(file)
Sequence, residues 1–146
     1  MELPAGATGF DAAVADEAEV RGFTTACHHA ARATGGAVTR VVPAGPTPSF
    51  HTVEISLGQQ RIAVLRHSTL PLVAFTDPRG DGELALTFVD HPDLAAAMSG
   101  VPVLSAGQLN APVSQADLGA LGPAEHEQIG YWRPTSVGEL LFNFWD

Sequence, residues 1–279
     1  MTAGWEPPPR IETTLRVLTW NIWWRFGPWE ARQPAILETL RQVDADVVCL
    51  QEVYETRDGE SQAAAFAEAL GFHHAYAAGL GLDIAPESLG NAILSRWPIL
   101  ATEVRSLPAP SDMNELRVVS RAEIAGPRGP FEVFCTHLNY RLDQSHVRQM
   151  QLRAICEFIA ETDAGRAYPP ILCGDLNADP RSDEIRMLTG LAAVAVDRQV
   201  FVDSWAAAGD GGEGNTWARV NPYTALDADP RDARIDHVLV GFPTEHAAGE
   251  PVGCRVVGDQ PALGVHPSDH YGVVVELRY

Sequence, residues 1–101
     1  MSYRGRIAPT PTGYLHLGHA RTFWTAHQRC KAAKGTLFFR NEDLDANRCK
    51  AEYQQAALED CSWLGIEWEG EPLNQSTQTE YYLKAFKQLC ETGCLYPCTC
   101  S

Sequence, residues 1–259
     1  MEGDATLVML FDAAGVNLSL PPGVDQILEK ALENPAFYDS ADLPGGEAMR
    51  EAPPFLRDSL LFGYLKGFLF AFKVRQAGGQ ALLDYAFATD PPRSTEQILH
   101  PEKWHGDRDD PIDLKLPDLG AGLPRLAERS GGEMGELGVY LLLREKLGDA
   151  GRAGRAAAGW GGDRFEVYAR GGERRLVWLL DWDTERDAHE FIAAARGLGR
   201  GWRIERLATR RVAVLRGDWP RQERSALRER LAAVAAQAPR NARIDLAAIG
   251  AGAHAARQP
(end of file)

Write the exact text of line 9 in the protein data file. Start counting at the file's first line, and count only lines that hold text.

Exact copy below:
   151  QLRAICEFIA ETDAGRAYPP ILCGDLNADP RSDEIRMLTG LAAVAVDRQV